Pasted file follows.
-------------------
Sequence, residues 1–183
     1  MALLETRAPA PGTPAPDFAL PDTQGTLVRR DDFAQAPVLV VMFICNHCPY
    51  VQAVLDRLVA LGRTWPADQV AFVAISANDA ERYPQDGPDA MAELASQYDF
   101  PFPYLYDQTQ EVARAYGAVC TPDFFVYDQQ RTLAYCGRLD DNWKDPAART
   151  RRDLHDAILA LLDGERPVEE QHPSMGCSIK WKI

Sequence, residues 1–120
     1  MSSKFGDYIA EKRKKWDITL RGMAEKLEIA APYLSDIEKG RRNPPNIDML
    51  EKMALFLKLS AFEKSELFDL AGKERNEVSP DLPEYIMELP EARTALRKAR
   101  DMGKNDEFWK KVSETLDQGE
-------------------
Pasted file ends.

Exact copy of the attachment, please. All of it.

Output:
Sequence, residues 1–183
     1  MALLETRAPA PGTPAPDFAL PDTQGTLVRR DDFAQAPVLV VMFICNHCPY
    51  VQAVLDRLVA LGRTWPADQV AFVAISANDA ERYPQDGPDA MAELASQYDF
   101  PFPYLYDQTQ EVARAYGAVC TPDFFVYDQQ RTLAYCGRLD DNWKDPAART
   151  RRDLHDAILA LLDGERPVEE QHPSMGCSIK WKI

Sequence, residues 1–120
     1  MSSKFGDYIA EKRKKWDITL RGMAEKLEIA APYLSDIEKG RRNPPNIDML
    51  EKMALFLKLS AFEKSELFDL AGKERNEVSP DLPEYIMELP EARTALRKAR
   101  DMGKNDEFWK KVSETLDQGE